Breizh Poellrezh SF - Douarañ Santel
Breizh Poellrezh SF - Douarañ Santel

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This time of the year accidents and incidents seem to multiply so extra care should be taken. There are many simple things that you can do to make your journey safer and less stressful during severe weather such as checking your route for delays before you set out, taking an alternative route if you need to, taking an emergency kit and adapting your driving style to the conditions.

Before your journey

You should pay extra attention to planning your journey in bad weather. Before travelling you should:
• check the weather forecast and road conditions
• consider whether you need to travel right now or if you can wait until the weather improves?
• consider alternative routes
• consider alternative modes of transport
• allow extra time for your journey
• ensure that your vehicle is ready for a journey in poor weather
• do you have an emergency kit?
• consider whether you need to change your driving style to suit the weather or conditions
• tell someone at your destination what time you expect to arrive

Before you drive

It is important to check that your vehicle is well maintained and serviced. You should:
• if the battery is not reliable – replace it. Most batteries last between two and four years
• check that tyres have plenty of tread depth and are maintained at the correct pressure
• lights can get filthy with spray, keep them clean and check the bulbs often
• keep your windscreen clean. Dirty windows and mirrors can make it hard to see in low
winter sun. Replace worn wiper blades
• add anti-freeze to the radiator and winter additive to the windscreen washer bottles
• before driving off, make sure your windows, lights and mirrors are clear of mist, ice and
snow, inside and out

Emergency kits are essential

Keep an emergency kit in the car:
• ice scraper and de-icer
• torch and spare batteries
• warm clothes and a blanket
• a pair of boots
• first-aid kit
• battery jump leads
• a shovel for snow
• food and a warm drink in a flask
• sunglasses in the glove box to help you see in low winter sun
• make sure your mobile phone is charged fully in case a roadside phone is not available
• finally, a map

During your journey

Be aware of changing road and weather conditions – even if it is a road you use regularly.
Do not be lulled into a false sense of security – even if you drive every day on the same stretch
of road.
You may need to change the way you drive:
• reduce speed in bad weather
• increase stopping distances
• avoid sudden acceleration and braking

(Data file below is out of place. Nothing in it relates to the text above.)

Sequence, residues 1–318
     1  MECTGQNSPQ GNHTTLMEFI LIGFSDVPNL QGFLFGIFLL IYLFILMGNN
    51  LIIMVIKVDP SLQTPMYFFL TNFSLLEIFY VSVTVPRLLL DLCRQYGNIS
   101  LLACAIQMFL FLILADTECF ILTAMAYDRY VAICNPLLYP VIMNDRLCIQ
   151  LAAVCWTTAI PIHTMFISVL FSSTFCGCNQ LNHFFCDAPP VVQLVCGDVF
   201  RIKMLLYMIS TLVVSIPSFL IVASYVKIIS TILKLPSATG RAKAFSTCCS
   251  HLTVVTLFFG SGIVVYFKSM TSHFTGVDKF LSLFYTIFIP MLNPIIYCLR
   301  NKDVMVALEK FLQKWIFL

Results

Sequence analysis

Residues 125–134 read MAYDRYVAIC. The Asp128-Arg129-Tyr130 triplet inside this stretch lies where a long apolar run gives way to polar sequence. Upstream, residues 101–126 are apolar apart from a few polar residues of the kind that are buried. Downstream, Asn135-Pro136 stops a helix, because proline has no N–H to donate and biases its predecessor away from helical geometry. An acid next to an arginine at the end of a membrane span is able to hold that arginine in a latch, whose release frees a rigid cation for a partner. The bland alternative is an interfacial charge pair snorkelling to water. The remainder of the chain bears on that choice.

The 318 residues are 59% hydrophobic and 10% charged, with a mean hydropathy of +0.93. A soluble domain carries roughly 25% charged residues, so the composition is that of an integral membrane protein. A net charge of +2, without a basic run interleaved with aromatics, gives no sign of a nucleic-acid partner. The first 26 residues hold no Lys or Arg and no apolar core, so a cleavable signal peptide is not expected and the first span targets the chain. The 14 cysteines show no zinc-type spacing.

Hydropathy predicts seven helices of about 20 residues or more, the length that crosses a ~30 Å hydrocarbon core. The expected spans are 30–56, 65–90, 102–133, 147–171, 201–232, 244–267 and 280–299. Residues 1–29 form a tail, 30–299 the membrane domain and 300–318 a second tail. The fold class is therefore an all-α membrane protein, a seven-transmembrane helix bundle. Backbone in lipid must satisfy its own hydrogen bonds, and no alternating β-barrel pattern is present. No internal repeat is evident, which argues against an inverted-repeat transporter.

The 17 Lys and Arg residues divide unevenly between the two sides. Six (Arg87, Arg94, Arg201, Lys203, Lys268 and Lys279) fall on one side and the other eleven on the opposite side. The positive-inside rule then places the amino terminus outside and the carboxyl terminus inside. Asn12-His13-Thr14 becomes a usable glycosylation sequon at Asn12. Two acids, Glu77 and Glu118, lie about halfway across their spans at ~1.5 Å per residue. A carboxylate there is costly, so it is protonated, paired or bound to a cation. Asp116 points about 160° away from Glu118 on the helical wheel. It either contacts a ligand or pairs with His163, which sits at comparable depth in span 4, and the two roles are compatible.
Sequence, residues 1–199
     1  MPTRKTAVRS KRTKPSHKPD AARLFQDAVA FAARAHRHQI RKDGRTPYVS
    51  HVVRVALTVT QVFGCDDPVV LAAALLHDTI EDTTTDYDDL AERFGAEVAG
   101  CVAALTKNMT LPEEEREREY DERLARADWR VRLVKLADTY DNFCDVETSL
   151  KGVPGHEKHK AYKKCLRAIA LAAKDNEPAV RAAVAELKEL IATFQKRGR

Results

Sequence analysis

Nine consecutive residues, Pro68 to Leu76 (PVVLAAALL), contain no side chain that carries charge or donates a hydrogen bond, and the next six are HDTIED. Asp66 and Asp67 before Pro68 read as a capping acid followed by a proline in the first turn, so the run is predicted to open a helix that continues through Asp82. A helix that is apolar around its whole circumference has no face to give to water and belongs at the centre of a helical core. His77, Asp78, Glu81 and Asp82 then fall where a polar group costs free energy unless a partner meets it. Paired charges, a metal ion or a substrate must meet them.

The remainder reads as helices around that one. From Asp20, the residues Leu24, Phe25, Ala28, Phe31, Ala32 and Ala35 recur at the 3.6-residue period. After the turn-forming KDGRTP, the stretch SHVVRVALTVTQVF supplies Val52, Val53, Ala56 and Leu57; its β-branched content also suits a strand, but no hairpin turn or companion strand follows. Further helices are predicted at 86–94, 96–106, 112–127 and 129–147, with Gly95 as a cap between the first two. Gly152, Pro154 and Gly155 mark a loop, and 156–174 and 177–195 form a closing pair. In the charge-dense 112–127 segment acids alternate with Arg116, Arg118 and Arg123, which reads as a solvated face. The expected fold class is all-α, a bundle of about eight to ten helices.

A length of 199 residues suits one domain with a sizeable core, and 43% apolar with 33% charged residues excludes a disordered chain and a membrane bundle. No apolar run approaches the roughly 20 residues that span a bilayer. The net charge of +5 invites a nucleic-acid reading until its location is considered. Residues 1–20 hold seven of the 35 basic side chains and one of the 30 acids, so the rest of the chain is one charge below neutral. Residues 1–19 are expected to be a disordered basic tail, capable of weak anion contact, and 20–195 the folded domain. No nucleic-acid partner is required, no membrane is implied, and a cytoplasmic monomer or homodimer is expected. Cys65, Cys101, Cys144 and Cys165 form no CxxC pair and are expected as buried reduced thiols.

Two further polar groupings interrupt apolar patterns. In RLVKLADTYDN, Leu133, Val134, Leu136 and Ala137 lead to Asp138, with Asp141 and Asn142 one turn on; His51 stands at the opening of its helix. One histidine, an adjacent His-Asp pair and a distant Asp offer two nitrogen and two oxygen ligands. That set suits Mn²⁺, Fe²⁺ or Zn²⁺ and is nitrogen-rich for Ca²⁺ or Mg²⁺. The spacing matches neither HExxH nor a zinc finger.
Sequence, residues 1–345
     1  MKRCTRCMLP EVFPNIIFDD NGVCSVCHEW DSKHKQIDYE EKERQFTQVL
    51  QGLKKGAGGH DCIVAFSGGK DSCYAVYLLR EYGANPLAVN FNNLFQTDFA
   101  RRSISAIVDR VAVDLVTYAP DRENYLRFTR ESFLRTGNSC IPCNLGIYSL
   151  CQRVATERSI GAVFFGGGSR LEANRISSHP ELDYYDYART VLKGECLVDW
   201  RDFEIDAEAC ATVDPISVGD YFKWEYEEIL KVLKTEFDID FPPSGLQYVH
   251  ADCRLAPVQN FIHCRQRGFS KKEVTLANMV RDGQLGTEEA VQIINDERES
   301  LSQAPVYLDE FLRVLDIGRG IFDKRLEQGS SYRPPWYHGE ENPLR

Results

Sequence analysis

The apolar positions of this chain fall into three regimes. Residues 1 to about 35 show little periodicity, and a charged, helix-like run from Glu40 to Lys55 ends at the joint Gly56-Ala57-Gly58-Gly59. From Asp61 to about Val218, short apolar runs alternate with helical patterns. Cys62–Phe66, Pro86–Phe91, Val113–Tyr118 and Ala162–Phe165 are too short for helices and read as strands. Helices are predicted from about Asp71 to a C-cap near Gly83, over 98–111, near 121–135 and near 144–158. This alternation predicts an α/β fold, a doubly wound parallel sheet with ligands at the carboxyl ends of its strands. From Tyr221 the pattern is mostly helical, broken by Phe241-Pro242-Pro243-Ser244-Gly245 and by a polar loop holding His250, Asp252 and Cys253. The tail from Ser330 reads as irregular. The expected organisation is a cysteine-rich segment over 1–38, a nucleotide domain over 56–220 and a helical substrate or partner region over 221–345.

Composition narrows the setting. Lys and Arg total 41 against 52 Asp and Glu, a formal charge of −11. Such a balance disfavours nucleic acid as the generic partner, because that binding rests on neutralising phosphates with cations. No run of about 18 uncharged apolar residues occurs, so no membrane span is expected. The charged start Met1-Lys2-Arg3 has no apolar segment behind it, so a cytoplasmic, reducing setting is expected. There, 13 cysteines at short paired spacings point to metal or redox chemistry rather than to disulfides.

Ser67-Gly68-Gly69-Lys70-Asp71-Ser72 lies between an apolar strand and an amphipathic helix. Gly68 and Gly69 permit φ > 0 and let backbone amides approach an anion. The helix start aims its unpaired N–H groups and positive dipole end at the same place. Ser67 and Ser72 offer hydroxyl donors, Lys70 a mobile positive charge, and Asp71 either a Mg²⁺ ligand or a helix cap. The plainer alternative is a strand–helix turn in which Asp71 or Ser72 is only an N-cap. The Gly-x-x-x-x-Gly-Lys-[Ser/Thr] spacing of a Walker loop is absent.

• use dipped headlights in poor conditions
• take breaks every 2 or 3 hours
• do not pass closed snow gates
• listen to radio travel bulletins
• observe information on Variable Message Signs
Watch out for locations where you may need to drive more carefully. Some common examples are:
• changes in road elevation or exposure
• where the road passes under or over a bridge
• things at the side of the road that shade
the carriageway (e.g. trees, bridges, or other structures)
• where there is less traffic use (e.g. slip roads)
• bends in the road where there is a greater risk of loss of control. Reduce your speed
when approaching.

Driving through ice and snow

• your stopping distance is increased ten times when driving in snow and ice
• select second gear when pulling away, easing your foot off the clutch gently to avoid wheel-spin
• it is not always obvious that the road is icy. Look for clues such as ice on the pavement or
on your windscreen. If your tyres are making virtually no noise on the road it could be a sign that you are driving on ice
• do not brake - it will just lock up your wheels and you will skid further
• clear any snow on the roof of the vehicle before you drive off. It can slip down over the windscreen and obscure your view
• in severe cold or snowy conditions, look out for winter service vehicles spreading salt or using snow ploughs. They will have flashing amber beacons and will be travelling at slower speeds – around 70km/h. Stay well back because salt or spray is thrown across the road. Don’t overtake unless it is safe to do so – there may be uncleared snow on the road ahead


• try to avoid driving through surface water as you might flood your engine. Avoid the deepest water which is usually nearest the kerb
• if you have to drive through floods, drive slowly, using first gear and try to keep the engine revving at a high rate. Move forward continuously to avoid stalling the engine. In driving an automatic vehicle engage and hold in a low gear
• test your brakes after driving through water; they may be ineffective

Driving in windy weather

• take extra care on the roads and plan your journeys by checking the latest weather conditions
• high-sided vehicles are particularly affected by windy weather but strong gusts can also blow a vehicle, cyclist, motorcyclist, or horse rider off course. This can happen on open stretches of road exposed to strong crosswinds, or when passing bridges, high-sided vehicles or gaps in trees

Driving in Fog

• drive very slowly using dipped headlights so other drivers can see you
• if it is really foggy (less than 100m visibility), then switch your fog lights and rear high intensity lights on. Remember to switch them off when visibility improves
• do not hang on to the tail-lights of the vehicle in front. This gives you a false sense of security and means you may be driving too close
• fog is often patchy so try not to speed up as visibility improves. You could suddenly find yourself back in thick fog further up the road.

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